His Wai-Te-Ma-TA ward takes in the central business district – and the Port of Auckland. “No future port expansion into the harbour,” he says. “And then sometime in the next 15-20 years they’ve got to look to move it.”
It is a position that will contrast starkly with the former watersider Mike Lee, who as chairman of the Auckland Regional Council bought back a once privatised part of the port company. “Why should the waterfront look like a secondhand car yard?” asks Ralston.
Levering Lee out of his council seat won’t be easy. But an ‘old political hand in Auckland’ has predicted to Ralston that this is going to be a ‘bad year to be an incumbent.’
Why? It started with Len’s bonking”, he offers, seeming to suggest the sins of the Mayor might yet be visited upon the councillors, “and the Unitary Plan mess.” Bill is looking forward to holding the Mayor, council and council officers to account. “For my sins I have been watching the council live on screen. When they have a Council officer in, the interviewing techniques are appalling. No one’s done their research and no one has an interview plan. I’ve spent a lifetime looking at politics and holding politicians to account.”
So how is the campaign going, beyond this interview at Prego? It’s rumoured that door-knocking is not really Ralston’s thing. “Nah, I’ve been door-knocking” he says, handing over his campaign business card – “Just Vote Bill Ralston” it exhorts, with the opaque descriptor ‘Centre Right Independent’ and a big blue and big red strip to emphasise either his non-denominational status or Frenchness. “I do not agree with left or right groups. I did not want to stand for C&R or even Auckland Future.”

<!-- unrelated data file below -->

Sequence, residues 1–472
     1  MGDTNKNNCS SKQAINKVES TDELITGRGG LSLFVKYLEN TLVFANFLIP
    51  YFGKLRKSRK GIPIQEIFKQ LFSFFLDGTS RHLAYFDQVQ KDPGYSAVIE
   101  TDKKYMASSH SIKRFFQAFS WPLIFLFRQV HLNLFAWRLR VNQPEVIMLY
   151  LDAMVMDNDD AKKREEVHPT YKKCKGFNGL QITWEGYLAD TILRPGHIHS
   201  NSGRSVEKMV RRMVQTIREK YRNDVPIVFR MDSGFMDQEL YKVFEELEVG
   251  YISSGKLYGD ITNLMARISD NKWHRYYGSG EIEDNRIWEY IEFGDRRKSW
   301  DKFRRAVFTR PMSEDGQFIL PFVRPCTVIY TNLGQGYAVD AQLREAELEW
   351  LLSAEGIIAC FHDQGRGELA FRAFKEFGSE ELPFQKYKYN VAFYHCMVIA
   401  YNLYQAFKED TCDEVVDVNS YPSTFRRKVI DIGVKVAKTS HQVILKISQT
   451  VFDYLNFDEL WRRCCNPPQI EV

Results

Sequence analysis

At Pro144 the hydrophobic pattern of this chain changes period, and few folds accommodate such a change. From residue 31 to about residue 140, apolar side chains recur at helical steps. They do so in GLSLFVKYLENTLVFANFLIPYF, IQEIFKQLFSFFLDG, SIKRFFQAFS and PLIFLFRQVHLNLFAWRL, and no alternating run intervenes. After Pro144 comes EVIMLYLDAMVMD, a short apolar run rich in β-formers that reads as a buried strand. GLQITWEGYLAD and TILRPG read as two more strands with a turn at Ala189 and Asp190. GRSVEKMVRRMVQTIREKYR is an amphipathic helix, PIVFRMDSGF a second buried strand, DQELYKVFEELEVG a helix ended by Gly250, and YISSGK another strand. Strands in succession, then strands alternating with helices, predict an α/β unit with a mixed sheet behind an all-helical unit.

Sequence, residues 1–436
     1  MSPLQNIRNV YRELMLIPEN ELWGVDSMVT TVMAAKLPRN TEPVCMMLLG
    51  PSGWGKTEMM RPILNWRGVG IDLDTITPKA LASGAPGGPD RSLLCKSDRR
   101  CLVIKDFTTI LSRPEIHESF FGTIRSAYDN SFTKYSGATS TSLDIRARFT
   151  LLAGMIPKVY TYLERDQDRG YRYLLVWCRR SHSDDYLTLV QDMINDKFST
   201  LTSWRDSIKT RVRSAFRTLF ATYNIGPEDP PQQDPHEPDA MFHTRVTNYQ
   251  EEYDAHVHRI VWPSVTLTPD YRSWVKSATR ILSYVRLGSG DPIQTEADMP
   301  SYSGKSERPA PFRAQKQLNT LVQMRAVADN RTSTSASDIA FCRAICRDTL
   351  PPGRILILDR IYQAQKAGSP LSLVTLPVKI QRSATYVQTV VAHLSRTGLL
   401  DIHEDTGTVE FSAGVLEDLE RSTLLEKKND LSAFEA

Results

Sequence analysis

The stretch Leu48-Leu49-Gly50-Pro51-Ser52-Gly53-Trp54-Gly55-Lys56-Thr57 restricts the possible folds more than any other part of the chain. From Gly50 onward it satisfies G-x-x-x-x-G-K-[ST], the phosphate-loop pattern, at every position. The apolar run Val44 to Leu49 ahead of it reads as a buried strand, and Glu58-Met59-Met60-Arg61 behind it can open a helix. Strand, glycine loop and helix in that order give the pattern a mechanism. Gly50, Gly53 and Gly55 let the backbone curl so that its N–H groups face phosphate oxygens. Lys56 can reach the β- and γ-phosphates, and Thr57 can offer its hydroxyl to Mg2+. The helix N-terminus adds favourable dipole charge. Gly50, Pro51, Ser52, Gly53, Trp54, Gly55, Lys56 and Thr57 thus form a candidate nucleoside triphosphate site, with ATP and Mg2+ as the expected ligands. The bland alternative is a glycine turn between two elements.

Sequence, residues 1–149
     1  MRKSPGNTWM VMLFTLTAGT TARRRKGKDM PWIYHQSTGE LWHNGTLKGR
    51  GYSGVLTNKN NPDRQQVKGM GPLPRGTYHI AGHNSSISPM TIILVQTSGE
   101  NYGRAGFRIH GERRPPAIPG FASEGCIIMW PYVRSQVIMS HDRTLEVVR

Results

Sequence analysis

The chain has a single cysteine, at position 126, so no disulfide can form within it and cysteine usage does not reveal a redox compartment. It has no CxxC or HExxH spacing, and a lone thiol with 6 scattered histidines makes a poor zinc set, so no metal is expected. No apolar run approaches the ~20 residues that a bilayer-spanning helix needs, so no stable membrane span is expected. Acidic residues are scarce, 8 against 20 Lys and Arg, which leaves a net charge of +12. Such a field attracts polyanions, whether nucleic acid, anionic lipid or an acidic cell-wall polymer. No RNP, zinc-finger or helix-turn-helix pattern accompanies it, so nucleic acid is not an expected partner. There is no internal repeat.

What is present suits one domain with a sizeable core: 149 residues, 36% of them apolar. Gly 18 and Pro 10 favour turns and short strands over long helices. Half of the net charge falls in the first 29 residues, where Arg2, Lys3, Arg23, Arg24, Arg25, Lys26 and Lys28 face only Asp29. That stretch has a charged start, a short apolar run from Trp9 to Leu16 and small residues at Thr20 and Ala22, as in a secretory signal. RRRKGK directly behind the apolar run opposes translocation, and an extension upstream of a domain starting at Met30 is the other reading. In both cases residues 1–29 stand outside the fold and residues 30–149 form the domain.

He does want the centre-right to ‘show some more honesty. They have got elected on one thing and vote another way.” You get the feeling Ralston thinks his defeating of Lee might make the difference on the Council voting record. As if Wai-Te-Ma-TA is a crucial swing seat. “Mostly, I’m doing cottage meetings, at people’s homes, with about 20 people. Of all the people I’ve seen in the six months I’ve been doing this, I’ve had no bad feedback – except one crack on Facebook.
“I will, I know, once you publish this.”
That one crack on Facebook didn’t pass unnoticed. Like all of us, Ralston wants to be liked. Not quite in the league of Boris, but it is there. “The best mayors are those that are a little different and I think the best councillors are the same.”